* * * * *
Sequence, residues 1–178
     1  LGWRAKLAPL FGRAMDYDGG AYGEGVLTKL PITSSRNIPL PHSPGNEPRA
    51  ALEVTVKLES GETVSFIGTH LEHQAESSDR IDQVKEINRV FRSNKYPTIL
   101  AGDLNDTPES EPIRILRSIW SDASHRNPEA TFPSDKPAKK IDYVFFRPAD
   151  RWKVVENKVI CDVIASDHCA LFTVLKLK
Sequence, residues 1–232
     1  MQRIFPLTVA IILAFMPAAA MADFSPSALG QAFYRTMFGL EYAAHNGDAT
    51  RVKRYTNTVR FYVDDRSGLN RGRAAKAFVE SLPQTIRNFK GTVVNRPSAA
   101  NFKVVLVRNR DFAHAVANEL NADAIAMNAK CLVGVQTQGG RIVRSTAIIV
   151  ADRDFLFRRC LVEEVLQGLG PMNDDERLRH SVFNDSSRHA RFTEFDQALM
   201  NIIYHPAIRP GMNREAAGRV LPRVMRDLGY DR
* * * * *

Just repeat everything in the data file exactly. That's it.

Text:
Sequence, residues 1–178
     1  LGWRAKLAPL FGRAMDYDGG AYGEGVLTKL PITSSRNIPL PHSPGNEPRA
    51  ALEVTVKLES GETVSFIGTH LEHQAESSDR IDQVKEINRV FRSNKYPTIL
   101  AGDLNDTPES EPIRILRSIW SDASHRNPEA TFPSDKPAKK IDYVFFRPAD
   151  RWKVVENKVI CDVIASDHCA LFTVLKLK
Sequence, residues 1–232
     1  MQRIFPLTVA IILAFMPAAA MADFSPSALG QAFYRTMFGL EYAAHNGDAT
    51  RVKRYTNTVR FYVDDRSGLN RGRAAKAFVE SLPQTIRNFK GTVVNRPSAA
   101  NFKVVLVRNR DFAHAVANEL NADAIAMNAK CLVGVQTQGG RIVRSTAIIV
   151  ADRDFLFRRC LVEEVLQGLG PMNDDERLRH SVFNDSSRHA RFTEFDQALM
   201  NIIYHPAIRP GMNREAAGRV LPRVMRDLGY DR